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The Monumento aos Restauradores is an obelisk monument that stands in the centre of Praça dos Restauradores square in the Baixa district of Lisbon. The tall white monument commemorates the independence of Portugal from 60 years of Spanish rule in 1640. The grand obelisk stands at stark contrast to the soft pastel colors of the surround buildings and adds a majestic atmosphere to one of Lisbon's lesser squares.
The Monumento Restauradores Lisbon Obelisk
The Monumento aos Restauradores translated into English means the Monument to the Restorers and celebrates all of the solders who died during the struggle for independence. This volatile stage of Portuguese history was the gradual transition from the Habsburg density and the rise to power of the House of Braganza who ruled Portugal until the revolution of the monarchy in 1908.
The height of the Restorers Monument is 30 meters with the main obelisk standing half of this height. Positioned on the base pedestal are two angels representing independence and victory. Along the side of the monument are brass panels which commemorate the major battles of the War of the Restoration. These battles were Linhas de Elvas – The Lines of Elvas (1659), Ameixial (1663), Castelo Rodrigo – Castle of Rodrigo(1664) and Montes Claros - Clear Hills (1665).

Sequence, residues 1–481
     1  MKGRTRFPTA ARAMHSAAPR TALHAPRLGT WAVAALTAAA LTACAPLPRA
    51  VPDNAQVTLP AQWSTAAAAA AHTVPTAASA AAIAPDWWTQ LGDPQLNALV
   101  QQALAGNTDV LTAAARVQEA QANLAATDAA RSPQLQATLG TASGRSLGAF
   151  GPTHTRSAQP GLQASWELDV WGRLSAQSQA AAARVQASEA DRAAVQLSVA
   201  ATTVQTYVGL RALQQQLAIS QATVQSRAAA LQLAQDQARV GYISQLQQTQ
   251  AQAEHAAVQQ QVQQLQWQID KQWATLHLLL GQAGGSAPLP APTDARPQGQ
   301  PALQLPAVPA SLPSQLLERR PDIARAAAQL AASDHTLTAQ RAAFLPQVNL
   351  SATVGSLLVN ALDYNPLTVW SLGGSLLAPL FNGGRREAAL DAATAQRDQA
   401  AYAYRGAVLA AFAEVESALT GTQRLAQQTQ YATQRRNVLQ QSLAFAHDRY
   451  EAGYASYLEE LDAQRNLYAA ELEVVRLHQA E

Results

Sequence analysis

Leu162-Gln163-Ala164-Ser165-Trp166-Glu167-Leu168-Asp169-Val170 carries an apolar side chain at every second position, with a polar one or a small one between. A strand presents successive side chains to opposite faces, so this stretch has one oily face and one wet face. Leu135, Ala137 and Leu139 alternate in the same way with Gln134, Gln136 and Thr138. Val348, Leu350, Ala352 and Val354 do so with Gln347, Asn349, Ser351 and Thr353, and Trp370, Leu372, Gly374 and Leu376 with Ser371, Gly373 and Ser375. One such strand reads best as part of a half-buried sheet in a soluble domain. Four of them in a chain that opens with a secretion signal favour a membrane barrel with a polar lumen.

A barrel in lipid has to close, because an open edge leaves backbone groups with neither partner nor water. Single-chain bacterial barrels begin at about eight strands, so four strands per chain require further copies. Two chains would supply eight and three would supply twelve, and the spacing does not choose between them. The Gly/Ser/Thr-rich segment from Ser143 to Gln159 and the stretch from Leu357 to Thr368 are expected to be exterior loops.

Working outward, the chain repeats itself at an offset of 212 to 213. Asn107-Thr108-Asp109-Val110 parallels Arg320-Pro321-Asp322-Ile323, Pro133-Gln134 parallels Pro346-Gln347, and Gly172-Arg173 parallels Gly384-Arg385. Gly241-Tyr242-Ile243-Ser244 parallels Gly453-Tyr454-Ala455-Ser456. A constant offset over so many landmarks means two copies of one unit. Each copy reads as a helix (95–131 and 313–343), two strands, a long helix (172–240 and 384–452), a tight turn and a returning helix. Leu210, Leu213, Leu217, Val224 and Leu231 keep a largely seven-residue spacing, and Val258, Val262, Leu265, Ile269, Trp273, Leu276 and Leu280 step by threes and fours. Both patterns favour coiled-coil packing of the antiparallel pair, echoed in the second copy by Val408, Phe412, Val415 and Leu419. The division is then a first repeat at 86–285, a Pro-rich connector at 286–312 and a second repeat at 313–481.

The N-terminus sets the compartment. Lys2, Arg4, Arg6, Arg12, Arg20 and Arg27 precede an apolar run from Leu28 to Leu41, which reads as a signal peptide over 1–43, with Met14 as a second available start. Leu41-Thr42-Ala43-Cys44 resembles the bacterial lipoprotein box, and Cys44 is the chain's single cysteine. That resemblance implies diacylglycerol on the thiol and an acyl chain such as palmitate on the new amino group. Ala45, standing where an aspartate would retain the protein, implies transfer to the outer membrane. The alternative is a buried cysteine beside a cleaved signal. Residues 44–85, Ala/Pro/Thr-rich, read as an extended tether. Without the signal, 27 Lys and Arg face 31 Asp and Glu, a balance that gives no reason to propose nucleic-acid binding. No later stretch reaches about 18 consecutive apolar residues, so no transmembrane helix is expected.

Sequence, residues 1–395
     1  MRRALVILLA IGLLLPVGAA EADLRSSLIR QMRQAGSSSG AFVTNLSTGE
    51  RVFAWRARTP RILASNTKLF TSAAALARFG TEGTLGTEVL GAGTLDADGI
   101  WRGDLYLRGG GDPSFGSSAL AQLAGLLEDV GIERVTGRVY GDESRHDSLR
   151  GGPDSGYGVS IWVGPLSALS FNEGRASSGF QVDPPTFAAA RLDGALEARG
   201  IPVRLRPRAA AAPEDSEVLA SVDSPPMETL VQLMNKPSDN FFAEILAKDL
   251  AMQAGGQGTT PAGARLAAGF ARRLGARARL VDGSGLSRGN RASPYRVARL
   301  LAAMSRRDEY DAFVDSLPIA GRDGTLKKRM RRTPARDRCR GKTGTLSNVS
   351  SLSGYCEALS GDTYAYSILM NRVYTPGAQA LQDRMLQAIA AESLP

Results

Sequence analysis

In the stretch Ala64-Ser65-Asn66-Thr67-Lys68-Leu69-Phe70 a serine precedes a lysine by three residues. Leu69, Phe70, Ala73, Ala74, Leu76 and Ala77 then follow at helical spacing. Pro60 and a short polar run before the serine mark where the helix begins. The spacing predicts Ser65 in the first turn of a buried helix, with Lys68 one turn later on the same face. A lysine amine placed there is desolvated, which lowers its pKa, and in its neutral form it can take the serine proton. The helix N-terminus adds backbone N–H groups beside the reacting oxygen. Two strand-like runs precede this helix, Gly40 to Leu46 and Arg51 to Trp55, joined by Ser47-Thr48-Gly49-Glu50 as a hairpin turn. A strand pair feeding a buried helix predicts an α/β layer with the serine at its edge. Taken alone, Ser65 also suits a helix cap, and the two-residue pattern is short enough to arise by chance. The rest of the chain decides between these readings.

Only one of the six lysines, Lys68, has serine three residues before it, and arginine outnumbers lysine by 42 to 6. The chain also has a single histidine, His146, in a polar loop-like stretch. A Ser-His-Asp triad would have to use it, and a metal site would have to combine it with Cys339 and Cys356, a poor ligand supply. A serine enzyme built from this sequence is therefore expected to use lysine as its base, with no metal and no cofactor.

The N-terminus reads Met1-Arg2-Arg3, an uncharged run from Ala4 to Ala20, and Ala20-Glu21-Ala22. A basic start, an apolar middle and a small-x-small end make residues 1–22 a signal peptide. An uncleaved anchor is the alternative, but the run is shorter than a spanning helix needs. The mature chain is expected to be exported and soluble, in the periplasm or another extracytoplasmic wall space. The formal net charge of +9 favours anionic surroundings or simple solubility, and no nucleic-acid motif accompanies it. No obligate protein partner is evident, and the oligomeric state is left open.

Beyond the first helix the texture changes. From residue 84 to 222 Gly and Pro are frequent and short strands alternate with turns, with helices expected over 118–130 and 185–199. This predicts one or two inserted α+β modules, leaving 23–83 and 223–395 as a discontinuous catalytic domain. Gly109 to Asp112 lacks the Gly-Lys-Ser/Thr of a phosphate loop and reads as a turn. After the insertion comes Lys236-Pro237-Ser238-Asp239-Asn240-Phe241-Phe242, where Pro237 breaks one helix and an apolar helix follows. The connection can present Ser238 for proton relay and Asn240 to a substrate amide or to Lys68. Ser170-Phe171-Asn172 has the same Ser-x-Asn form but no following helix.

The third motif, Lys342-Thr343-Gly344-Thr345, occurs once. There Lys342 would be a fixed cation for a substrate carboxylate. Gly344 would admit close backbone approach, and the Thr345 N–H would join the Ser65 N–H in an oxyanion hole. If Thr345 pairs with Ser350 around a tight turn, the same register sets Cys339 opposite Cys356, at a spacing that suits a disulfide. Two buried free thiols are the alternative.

The most interesting historical feature of the monument is the method that the finances were raised to fund the construction. The funding came from a public subscription of semi-wealthy families both in Portugal and Brazil and not from the monarchy or government.
The Pink Foz Palace and the Restauradores Obelisk
The whole collection process was organized by the Marquis de Sá da Bandeira who then commissioned Antonio Tomás da Fonseca to create the obelisk monument which was inaugurated in 1886. The monument was the first official location that the republic Portuguese flag was unveiled. The flag was first flown on the 1st December 1910 and the flag is the same as the one used today.